However, injuries were to prove too much for Yutakayama to manage, and twice sapped his runs to the joi. He never made it to san’yaku, topping out at Maegashira 1, and suffering heavy losing records on his trips to the uppermost heights of the rank and file. While it seemed his infusion into the top division would provide a challenge to Shodai’s position as top dog at Tokitsukaze beya, we never got to see Yutakayama in a position to display his abilities consistently at the upper end of the division due to the undoubted toll that his injuries took on his ability to commit power to his oshi-zumo skill set. His intai at the age of 29 is perhaps a reflection of knowing that the game was up, as he looked overmatched even in the lower reaches of Makuuchi in recent years, and most recently suffered a heavy double digit makekoshi in Juryo in Fukuoka.

While his departure feels premature, for many sumo fans it will feel difficult to take simply because it felt like it wasn’t that long ago that he could have been projected as a force in the sport. I remember tracking him as a prospect and while it’s one feeling to see a long-time top division star or personal favourite leave the sport for blue-jacketed security detail, it’s another thing to see a top talent who we can remember in a chon-mage – or even zanbara – departing before his time might otherwise have come. Indeed, the Sumo Association normally will reference as part of the intai announcement whether a retiring sekitori has taken up an elder name, and while Yutakayama qualified for a kabu on account of the duration of his service, we can infer that he will not be staying in the organisation and will be leaving sumo entirely.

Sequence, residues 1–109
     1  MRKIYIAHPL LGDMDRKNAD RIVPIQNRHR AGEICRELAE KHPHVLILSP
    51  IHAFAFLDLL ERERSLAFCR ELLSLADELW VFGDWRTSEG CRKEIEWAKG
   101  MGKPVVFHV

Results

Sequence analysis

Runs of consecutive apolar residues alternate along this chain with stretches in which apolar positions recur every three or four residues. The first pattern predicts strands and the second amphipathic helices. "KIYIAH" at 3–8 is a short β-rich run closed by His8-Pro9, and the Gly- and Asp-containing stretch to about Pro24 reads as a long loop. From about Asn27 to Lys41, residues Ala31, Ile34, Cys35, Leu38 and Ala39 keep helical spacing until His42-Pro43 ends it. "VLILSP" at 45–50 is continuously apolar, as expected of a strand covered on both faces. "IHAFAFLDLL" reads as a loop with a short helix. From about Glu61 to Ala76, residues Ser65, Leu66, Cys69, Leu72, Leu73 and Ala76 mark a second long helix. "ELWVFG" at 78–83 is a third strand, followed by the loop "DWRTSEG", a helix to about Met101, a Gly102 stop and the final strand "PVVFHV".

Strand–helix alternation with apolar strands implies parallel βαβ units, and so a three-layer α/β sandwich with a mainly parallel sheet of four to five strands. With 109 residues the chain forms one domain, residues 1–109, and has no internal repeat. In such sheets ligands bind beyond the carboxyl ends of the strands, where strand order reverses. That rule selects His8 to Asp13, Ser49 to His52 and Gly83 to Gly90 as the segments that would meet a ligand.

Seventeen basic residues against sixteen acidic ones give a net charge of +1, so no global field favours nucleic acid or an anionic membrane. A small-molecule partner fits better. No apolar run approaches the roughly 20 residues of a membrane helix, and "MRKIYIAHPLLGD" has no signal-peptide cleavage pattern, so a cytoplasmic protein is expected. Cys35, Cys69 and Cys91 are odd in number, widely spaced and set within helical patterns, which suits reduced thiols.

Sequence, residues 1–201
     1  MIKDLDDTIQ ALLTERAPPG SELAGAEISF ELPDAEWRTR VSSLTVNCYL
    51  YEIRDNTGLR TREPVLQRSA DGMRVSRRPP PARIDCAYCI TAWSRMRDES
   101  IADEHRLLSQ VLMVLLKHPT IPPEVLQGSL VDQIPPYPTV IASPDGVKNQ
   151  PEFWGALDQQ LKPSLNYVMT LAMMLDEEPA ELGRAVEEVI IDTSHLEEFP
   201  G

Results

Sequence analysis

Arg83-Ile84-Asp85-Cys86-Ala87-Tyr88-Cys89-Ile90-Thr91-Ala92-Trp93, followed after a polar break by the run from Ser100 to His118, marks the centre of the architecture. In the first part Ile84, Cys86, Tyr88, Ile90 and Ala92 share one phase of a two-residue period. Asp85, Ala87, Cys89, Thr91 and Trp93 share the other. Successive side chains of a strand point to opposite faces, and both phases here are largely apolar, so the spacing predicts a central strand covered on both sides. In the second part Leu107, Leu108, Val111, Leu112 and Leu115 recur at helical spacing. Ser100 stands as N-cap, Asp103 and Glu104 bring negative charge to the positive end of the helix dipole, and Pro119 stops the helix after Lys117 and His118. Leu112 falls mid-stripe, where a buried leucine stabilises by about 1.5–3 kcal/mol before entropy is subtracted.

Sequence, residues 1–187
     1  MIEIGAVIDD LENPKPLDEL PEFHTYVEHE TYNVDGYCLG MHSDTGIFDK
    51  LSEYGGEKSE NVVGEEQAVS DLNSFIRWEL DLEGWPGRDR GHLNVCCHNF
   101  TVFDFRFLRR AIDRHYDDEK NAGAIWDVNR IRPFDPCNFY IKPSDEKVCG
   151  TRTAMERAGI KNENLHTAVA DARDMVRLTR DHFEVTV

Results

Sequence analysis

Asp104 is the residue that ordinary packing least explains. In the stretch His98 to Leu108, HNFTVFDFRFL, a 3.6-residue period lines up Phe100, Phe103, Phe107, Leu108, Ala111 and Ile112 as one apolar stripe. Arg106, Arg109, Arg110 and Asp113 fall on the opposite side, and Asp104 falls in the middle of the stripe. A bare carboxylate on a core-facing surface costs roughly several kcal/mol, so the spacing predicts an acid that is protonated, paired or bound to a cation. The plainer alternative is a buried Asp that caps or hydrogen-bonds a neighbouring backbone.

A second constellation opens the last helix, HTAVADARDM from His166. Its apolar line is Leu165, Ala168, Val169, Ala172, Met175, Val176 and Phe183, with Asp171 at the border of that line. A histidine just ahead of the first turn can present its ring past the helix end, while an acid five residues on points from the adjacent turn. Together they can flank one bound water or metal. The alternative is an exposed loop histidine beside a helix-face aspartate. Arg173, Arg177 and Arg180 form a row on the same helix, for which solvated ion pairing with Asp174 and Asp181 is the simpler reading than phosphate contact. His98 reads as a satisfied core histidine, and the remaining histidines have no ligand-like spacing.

In the immediate future, with interest to banzuke prognosticators, Yutakayama’s intai and the swift announcement following the basho and ahead of the banzuke meeting will open an additional place in Juryo for the 2023 Hatsu basho. My prediction is that Ms5 Hakuyozan will take his place, although I will defer to our own lksumo for how this impacts his already comprehensive analysis of the January banzuke.

An announcement as to Yutakayama’s future was not immediately given but we can expect more details in the coming days. Whatever it may entail, we wish the Tokyo University of Agriculture and Tokitsukaze-beya alum the best of luck in his “second life!”